April 2023

March 2023

Australian Inflation Reflects a Historic Redistribution from Workers to Bosses

by Jim Stanford in The Conversation

The upsurge of inflation since the COVID-19 lockdowns has not had equal impacts on all Australians. Workers and low-income people have experienced the worst losses: both because their incomes, in most cases, have not kept up with prices, and because they are more dependent on essential goods and services (like shelter, food, and energy) than higher-income households.

Science before politics crucial in climate change fight

by Ebony Bennett in Canberra Times

Just as the recent economic policy debate about tax breaks for multimillionaire superannuants has been overshadowed by sensationalist tabloid journalism (instead of what constitutes a dignified retirement), now the debate about climate policy risks being dominated by history wars and partisan politics – instead of what the science has been telling us for decades.

February 2023

Labor’s safeguard mechanism does more to save the fossil fuel industry than it does the planet

by Richard Denniss in The Guardian

The enormous PEP-11 gas project off Sydney’s northern beaches is back in the headlines and the timing couldn’t be worse for a federal Labor government trying to rush a new climate policy through the parliament; a policy that does nothing to stop new gas and coalmines being built and doesn’t even stop major polluters increasing their emissions. Labor’s Madeline King must now remake the decision made by our undercover resources minister, Scott Morrison.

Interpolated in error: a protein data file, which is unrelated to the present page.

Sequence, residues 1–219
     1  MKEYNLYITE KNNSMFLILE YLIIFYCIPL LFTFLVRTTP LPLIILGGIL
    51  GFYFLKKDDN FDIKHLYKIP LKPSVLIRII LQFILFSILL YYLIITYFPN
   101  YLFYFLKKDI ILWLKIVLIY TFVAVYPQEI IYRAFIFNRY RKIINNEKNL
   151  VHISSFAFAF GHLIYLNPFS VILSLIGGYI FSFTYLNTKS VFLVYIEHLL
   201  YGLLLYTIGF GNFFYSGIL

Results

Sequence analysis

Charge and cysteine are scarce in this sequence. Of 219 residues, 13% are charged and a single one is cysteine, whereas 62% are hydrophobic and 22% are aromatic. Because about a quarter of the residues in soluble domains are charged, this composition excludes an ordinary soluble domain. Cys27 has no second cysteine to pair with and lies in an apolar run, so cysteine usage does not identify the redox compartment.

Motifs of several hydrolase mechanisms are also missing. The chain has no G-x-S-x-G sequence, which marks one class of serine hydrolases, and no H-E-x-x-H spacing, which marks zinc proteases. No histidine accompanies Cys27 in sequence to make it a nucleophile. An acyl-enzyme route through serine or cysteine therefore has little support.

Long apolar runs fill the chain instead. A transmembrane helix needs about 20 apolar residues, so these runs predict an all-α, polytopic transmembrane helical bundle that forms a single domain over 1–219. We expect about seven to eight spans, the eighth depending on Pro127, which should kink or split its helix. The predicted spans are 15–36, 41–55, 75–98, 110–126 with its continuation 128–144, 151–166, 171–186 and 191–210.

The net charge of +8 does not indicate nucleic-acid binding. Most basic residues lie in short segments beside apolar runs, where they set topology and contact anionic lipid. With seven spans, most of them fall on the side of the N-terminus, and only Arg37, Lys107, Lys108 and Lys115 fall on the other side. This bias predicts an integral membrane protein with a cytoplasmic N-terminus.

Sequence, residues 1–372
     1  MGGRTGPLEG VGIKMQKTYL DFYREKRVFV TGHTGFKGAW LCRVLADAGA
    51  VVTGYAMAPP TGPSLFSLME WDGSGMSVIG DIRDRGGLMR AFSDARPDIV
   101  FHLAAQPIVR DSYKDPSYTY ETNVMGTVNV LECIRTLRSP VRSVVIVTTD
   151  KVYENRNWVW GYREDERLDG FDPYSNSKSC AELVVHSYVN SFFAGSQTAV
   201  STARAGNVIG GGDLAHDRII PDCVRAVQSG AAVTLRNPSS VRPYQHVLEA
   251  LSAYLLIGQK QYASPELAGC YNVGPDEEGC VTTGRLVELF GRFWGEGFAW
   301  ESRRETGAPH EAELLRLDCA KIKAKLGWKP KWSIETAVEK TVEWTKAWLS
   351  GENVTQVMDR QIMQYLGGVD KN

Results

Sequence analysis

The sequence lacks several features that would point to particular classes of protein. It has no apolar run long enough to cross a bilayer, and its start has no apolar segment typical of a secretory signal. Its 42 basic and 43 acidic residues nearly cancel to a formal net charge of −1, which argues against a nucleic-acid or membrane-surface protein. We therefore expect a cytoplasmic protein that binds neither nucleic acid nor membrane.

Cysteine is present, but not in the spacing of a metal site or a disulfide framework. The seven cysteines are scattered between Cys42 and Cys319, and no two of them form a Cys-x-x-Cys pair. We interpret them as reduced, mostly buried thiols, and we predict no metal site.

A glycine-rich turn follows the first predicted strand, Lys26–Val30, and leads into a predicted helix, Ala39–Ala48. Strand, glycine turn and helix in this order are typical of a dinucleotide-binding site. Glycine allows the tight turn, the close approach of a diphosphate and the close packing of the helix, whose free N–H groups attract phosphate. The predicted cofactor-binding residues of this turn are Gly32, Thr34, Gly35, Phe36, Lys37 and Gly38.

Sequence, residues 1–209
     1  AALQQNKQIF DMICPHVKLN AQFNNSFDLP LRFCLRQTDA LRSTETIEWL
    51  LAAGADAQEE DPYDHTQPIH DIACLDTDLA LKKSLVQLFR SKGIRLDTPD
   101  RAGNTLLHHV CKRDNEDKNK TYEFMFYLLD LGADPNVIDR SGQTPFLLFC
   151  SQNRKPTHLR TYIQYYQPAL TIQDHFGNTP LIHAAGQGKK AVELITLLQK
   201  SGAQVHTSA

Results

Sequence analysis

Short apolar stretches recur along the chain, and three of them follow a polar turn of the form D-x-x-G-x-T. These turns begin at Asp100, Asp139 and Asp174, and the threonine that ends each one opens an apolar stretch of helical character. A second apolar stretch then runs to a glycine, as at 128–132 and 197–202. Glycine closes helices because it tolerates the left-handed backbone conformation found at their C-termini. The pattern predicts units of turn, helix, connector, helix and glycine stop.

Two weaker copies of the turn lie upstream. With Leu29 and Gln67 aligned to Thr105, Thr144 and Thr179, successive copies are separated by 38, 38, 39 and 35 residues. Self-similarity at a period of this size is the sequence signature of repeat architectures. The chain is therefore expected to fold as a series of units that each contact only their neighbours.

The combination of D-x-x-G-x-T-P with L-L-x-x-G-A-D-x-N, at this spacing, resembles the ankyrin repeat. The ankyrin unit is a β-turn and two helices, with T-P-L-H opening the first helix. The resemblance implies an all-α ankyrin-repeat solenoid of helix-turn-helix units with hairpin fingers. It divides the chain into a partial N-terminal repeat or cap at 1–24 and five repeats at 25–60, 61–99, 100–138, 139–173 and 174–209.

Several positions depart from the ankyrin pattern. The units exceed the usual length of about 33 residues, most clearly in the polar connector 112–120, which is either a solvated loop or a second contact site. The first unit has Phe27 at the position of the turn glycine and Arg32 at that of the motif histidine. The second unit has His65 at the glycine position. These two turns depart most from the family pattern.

January 2023

Nothing to see here

by Richard Denniss in The Monthly

If a pandemic killed 15,000 people and nobody seemed to notice, was it really a pandemic? In Australia last year, COVID-19 killed more people than lung cancer, breast cancer, prostate cancer, car accidents and drowning combined. And in addition to the 15,000 deaths directly attributed to COVID, the Australian Bureau of Statistics tells us that

High time Jim Chalmers aimed reform agenda at institutions like Productivity Commission

by Richard Denniss in Canberra Times

Whether Treasurer Jim Chalmers reforms, restructures, or simply removes the Productivity Commission is, like the commission itself, largely irrelevant. The advisory body that once sat at the vanguard of Australia’s failed experiment with neoliberalism now sits impotently on the sidelines of Australian policy debate. Bizarrely, in rejecting calls for the abolition of the PC this week some

The RBA’s policy guide is wrong

by Richard Denniss in The Saturday Paper

The unemployment rate published by the Australian Bureau of Statistics is an incredibly stable, accurate and reliable indicator of something almost entirely irrelevant. It provides us with 63 years’ worth of raw data on the number of Australians who worked for less than one hour, were actively seeking work and, because they had no caring responsibilities, were available to start work immediately.

December 2022

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